Lanark County Moves West — Sarah Plain and Tall it was Not

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For weeks I have been gathering information and compiling names to write a piece on the migration from Lanark County to Manitoba. Twice in the 1880s people made their way west due to drought or crop failure. There was also the fact that many worked on the C.P.R. Lines. Few returned, and that is why I still get a lot of local information from the Winnipeg newspaper archives as so many from our area were living there and still very interested in the Lanark County news. In fact the new settlers out west ordered 800 plows from Messrs Frost & Wood in Smiths Falls to be shipped out to Manitoba.

There was a large migration from the area to the USA beginning in the 1850’s as second-generation pioneers left to acquire farmland in the new frontier of the American mid-west namely North Dakota, USA.

Mr. E. Rice, Carleton Place, has gone west and if he is pleased with the country will make a home in Dakota near Fargo.  Mr. D. McLaren and family, formerly of Carleton Place, also intends settling in the same place on a 400 acre farm.- Perth Courier

Prior to the Irish famine years, 1846-1854, most of the Irish emigrants who came to Canada were persons with some monetary means who were able to acquire new farmland in the Lanark County wilderness. The second generation of these families, however, facing land shortages here, often moved to the United States. Many of the Irish-Canadians who settled in Canada were disappointed with their land in Ontario. The availability of land in western Canada and the local conflicts with their Scottish neighbours was a huge incentive for them to move.

At that time it was easier for west bound travelers in Canada going from Ontario to Manitoba to take a train to St. Paul, Minnesota and then to proceed on toward either Fargo, ND or Fishers Landing, MN. From there they went northward by boat to the Red River to Manitoba.

In addition, James J. Hill, (originally born in southern Ontario) builder of the Great Northern Railroad, recruited farmers to emigrate from Ontario and settle the Red River Valley. Most people at the time said they were going to Grand Forks, North Dakota.

 

“It was a sorry lot of human beings that arrived here yesterday from
Winnipeg. They constitute the advance guard of the main body of deluded
Dakotans who went to Manitoba in search of land flowing with milk and honey.

They find instead, a barren waste of desert sand, either destitute of all
vegetation or grown up with sage brush, and an inhospitable climate where vegetable growth is impossible. These misguided unfortunates were warmly welcomed here and provided with necessary relief for their wants and will be given employment. They tell sad tales of destitution and suffering.”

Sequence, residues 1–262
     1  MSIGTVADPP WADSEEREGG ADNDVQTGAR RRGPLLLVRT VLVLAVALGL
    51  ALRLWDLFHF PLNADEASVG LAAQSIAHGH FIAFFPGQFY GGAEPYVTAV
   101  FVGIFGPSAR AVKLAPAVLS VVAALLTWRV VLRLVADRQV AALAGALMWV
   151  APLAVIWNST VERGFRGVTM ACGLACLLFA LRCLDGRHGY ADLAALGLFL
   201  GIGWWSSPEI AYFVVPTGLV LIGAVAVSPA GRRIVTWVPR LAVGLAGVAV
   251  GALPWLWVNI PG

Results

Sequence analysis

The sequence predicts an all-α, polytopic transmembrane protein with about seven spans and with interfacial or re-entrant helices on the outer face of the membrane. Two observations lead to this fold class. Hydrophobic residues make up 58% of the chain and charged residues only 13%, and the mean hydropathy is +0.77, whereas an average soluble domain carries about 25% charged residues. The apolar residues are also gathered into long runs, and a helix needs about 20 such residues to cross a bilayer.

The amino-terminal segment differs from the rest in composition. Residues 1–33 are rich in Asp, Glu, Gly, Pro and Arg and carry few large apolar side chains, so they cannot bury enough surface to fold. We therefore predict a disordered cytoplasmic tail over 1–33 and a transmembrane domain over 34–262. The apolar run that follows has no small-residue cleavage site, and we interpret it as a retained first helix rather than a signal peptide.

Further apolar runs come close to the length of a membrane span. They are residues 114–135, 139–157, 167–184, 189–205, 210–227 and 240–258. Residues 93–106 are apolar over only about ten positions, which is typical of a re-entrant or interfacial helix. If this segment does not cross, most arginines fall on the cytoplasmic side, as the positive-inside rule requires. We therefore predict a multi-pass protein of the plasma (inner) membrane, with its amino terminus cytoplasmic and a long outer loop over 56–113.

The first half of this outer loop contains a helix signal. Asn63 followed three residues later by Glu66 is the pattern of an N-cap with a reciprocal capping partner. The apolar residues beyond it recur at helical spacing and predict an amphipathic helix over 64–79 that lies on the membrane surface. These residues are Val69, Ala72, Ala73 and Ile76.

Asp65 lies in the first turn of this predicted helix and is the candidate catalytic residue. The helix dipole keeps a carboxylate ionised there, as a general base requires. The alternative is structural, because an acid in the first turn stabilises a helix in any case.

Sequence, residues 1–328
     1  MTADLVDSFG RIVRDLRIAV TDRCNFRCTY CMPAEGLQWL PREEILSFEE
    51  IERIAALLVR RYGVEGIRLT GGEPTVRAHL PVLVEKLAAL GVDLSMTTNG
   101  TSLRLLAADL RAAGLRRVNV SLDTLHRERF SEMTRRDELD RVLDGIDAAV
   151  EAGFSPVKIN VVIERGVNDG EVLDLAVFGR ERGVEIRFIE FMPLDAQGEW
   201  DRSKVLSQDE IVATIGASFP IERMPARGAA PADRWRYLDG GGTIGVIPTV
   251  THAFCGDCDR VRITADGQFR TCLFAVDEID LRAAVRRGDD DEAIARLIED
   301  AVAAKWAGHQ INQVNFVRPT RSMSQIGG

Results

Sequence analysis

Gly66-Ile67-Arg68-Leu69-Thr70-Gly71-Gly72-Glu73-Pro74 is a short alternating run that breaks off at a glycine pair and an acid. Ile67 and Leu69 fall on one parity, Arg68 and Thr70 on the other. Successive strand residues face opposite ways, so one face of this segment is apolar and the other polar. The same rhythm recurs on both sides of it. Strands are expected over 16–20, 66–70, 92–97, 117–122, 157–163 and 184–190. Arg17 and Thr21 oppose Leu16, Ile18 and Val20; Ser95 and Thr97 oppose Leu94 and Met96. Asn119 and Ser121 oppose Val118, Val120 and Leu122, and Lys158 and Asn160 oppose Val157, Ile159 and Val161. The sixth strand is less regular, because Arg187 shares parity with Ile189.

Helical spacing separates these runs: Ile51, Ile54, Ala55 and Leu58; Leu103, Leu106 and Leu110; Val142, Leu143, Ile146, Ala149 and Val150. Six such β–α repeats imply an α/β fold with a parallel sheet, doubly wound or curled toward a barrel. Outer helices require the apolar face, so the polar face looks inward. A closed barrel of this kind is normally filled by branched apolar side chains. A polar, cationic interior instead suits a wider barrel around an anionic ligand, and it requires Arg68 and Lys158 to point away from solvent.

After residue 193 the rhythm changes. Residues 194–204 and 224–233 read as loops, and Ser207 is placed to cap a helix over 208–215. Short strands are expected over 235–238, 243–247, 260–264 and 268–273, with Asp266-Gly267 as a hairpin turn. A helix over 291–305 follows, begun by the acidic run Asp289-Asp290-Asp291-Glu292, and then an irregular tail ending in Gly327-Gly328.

As with businesswoman Elizabeth Lindsay from Almonte, women appeared to be a lot tougher out west than east. Here’s an advertisement which appeared in the Ottawa Citizen of October 21, 1882.

Newspaper Advertisement for a Spouse in North Dakota in 1882

 

 

Migrants to North Dakota from Eastern Ontario
 

Files from The Perth Courier and Bytown.net

 

CLIPPED FROM
The Lanark Era
Lanark, Ontario, Canada
16 Aug 1911, Wed • Page 1

About lindaseccaspina

Linda Knight Seccaspina was born in Cowansville, Quebec about the same time as the wheel was invented and the first time she realized she could tell a tale was when she got caught passing her smutty stories around in Grade 7 at CHS by Mrs. Blinn. When Derek "Wheels" Wheeler from Degrassi Jr. High died in 2010, Linda wrote her own obituary. Some people said she should think about a career in writing obituaries. Before she laid her fingers to a keyboard, Linda owned the eclectic store Flash Cadilac and Savannah Devilles in Ottawa from 1976-1996. After writing for years about things that she cared about or pissed her off she finally found her calling. Is it sex drugs and rock n' roll you might ask? No, it is history. Seeing that her very first boyfriend in Grade 5 (who she won a Twist contest with in the 60s) is the head of the Brome Misissiquoi Historical Society and also specializes in local history back in Quebec, she finds that quite funny. She writes every single day and is also a columnist for Hometown News and Screamin's Mamas. She is a volunteer for the Carleton Place and Beckwith Heritage Museum, an admin for the Lanark County Genealogical Society Facebook page, and a local guest speaker. She has been now labelled an historian by the locals which in her mind is wrong. You see she will never be like the iconic local Lanark County historian Howard Morton Brown, nor like famed local writer Mary Cook. She proudly calls herself The National Enquirer Historical writer of Lanark County, and that she can live with. Linda has been called the most stubborn woman in Lanark County, and has requested her ashes to be distributed in any Casino parking lot as close to any Wheel of Fortune machine as you can get. But since she wrote her obituary, most people assume she's already dead. Linda has published six books, "Menopausal Woman From the Corn," "Cowansville High Misremembered," "Naked Yoga, Twinkies and Celebrities," "Cancer Calls Collect," "The Tilted Kilt-Vintage Whispers of Carleton Place," and "Flashbacks of Little Miss Flash Cadilac." All are available at Amazon in paperback and Kindle. Linda's books are for sale on Amazon or at Wisteria · 62 Bridge Street · Carleton Place, Ottawa, Canada, and at the Carleton Place and Beckwith Heritage Museum · 267 Edmund Street · Carleton Place, Ottawa, Canada--Appleton Museum-Mississippi Textile Mill and Mill Street Books and Heritage House Museum and The Artists Loft in Smith Falls.

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